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FEDERAL RAILROAD ADMINISTRATOR PARTICIPATES IN CONGRESSIONAL MEETING ON HIGHWAY-RAIL CROSSING SAFETY

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FEDERAL RAILROAD ADMINISTRATOR PARTICIPATES IN CONGRESSIONAL MEETING ON HIGHWAY-RAIL CROSSING SAFETY

Federal Railroad Administration
April 19, 1999

FOR IMMEDIATE RELEASE
Monday, April 19, 1999
Contact: Pamela Barry
Telephone: 202-493-6024
FRA 5-99

MANASSAS, Va..-- Federal Railroad Administrator Jolene Molitoris today joined U.S. Rep. Frank Wolf at a community meeting in Manassas, Va., to discuss highway-rail grade crossing safety.

"Record levels of investment are bringing about improved rail safety, demonstrating President Clinton’s leadership and emphasis on safety as the highest transportation priority," U.S. Secretary of Transportation Rodney E. Slater said. "We need to do more by continuing to work with state and local officials to increase state and local investment and enforcement on grade crossings."

In fiscal 1999, the U.S. Department of Transportation (DOT) provided $154.8 million to states to be used exclusively for highway-rail crossing improvements or elimination. An additional $314.8 million of funding for hazard elimination also may be used for eliminating or improving grade crossings. As part of TEA-21, Virginia received $2.7 million in fiscal 1999 for highway-rail crossing improvements. In addition, $10.5 million in hazard elimination funds can be used to eliminate grade crossing hazards.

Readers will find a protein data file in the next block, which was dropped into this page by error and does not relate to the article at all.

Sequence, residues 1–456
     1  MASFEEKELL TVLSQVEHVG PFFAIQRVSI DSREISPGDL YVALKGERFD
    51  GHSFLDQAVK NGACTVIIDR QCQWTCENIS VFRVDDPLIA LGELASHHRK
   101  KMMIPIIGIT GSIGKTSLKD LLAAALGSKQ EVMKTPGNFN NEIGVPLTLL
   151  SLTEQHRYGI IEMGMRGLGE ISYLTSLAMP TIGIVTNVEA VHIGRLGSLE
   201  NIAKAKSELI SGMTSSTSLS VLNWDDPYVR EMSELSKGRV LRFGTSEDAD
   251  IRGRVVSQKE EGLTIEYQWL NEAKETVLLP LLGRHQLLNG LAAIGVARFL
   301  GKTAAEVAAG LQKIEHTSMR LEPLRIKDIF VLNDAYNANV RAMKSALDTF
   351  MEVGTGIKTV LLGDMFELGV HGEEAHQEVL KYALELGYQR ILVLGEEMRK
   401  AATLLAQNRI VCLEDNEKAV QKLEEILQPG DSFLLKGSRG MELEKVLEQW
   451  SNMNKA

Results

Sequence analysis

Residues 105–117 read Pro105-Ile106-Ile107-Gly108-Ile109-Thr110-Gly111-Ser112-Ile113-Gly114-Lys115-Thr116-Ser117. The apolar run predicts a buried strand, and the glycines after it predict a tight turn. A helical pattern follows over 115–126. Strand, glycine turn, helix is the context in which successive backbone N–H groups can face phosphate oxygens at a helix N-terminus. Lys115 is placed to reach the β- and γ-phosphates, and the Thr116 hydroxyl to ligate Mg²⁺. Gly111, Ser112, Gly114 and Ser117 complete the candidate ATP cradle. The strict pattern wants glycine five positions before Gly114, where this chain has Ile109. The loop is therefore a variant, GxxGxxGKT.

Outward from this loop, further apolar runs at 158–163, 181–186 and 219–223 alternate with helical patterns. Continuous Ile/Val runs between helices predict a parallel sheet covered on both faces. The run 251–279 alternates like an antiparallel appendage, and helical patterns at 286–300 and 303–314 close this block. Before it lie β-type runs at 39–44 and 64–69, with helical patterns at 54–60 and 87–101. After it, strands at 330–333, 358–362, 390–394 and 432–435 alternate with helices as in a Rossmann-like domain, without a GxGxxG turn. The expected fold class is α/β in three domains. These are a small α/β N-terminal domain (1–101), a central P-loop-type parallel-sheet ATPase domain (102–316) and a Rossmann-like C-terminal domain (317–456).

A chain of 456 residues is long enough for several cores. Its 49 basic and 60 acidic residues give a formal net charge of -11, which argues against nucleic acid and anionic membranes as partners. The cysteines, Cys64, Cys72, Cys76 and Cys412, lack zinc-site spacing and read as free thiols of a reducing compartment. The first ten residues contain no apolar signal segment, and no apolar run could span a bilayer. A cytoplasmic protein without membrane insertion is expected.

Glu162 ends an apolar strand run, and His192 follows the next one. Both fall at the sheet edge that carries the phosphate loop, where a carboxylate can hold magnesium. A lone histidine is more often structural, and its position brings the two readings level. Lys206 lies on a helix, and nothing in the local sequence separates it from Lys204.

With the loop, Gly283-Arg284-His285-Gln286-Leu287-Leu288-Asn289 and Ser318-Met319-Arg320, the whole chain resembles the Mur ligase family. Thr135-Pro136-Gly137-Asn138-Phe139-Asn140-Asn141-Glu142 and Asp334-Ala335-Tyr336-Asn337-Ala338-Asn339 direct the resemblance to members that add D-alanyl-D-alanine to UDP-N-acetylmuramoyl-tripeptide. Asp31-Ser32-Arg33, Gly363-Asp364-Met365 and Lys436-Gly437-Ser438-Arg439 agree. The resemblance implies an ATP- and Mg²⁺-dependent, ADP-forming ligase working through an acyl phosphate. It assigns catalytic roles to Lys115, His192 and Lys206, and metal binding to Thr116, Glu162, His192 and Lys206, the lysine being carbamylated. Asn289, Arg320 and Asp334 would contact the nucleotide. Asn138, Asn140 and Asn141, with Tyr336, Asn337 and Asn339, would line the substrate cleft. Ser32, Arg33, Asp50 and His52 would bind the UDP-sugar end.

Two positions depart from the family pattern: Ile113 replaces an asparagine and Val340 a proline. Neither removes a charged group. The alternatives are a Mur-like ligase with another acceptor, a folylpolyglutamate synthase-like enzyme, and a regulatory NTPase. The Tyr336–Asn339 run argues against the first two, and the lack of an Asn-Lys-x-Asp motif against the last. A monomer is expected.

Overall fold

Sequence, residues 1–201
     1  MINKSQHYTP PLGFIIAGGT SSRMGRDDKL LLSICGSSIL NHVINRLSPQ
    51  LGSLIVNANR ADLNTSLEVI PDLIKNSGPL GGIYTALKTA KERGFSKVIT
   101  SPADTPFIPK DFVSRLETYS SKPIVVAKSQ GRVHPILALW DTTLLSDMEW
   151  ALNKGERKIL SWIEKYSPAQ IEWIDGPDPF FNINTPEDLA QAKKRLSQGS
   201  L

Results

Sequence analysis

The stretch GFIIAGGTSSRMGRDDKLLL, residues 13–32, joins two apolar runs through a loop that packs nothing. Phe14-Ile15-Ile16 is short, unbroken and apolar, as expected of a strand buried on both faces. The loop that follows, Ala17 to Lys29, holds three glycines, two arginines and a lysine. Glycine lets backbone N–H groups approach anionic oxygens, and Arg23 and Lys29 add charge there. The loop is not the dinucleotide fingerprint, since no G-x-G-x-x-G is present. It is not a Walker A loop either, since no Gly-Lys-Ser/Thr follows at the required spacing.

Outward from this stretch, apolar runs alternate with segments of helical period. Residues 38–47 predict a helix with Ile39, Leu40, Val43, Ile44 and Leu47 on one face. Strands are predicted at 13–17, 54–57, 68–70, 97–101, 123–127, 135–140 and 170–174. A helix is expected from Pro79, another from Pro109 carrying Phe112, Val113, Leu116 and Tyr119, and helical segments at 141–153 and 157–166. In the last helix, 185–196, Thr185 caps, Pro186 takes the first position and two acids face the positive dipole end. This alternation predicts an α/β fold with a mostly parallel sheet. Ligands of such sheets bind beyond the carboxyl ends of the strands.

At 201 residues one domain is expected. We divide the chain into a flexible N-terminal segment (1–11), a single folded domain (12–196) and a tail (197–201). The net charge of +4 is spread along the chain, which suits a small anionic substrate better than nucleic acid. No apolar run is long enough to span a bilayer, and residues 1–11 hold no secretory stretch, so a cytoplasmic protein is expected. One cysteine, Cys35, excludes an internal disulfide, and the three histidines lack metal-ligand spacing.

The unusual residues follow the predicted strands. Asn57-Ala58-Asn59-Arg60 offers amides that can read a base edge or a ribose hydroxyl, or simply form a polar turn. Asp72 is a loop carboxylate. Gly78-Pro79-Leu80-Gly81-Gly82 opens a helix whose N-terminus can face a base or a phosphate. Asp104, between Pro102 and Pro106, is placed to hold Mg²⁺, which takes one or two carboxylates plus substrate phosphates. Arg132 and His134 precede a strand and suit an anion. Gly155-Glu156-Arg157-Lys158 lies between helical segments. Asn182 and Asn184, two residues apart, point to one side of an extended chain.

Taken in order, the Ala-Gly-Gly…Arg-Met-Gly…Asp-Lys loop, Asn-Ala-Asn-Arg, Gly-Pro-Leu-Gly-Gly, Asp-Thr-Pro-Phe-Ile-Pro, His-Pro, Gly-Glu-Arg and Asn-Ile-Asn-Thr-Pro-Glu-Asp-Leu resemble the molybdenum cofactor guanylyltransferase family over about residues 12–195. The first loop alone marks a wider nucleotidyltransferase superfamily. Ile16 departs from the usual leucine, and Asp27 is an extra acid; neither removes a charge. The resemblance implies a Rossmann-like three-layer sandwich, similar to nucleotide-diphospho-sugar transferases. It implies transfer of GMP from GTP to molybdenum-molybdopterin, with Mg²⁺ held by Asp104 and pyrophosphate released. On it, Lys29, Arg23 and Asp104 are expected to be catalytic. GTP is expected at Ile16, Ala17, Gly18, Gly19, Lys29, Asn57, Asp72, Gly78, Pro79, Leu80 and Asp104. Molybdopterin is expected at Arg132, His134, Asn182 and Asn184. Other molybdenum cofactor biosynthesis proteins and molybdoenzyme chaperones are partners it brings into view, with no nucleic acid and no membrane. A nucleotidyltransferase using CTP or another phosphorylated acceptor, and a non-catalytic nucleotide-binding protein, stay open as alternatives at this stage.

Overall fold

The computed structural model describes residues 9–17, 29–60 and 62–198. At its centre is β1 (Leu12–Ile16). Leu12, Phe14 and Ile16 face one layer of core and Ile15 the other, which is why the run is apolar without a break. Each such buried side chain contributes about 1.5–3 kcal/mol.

"We are conducting a series of community meetings around the country to raise awareness about the dangers of highway-rail crossings and discuss the tools available to assist Americans in reducing the risks at these crossings,"said Administrator Molitoris.

There are more than 259,000 existing highway-rail grade crossings in the United States. States and localities, working with DOT, have closed more than 33,000 such grade crossings since 1991.

Five years ago, the DOT launched a multi-faceted initiative to save lives at highway-rail grade crossings. Since 1993, there have been dramatic results -- almost 30 percent fewer highway-rail crossing collisions, 33 percent fewer highway-rail crossing fatalities and 31 percent fewer highway-rail crossing injuries.

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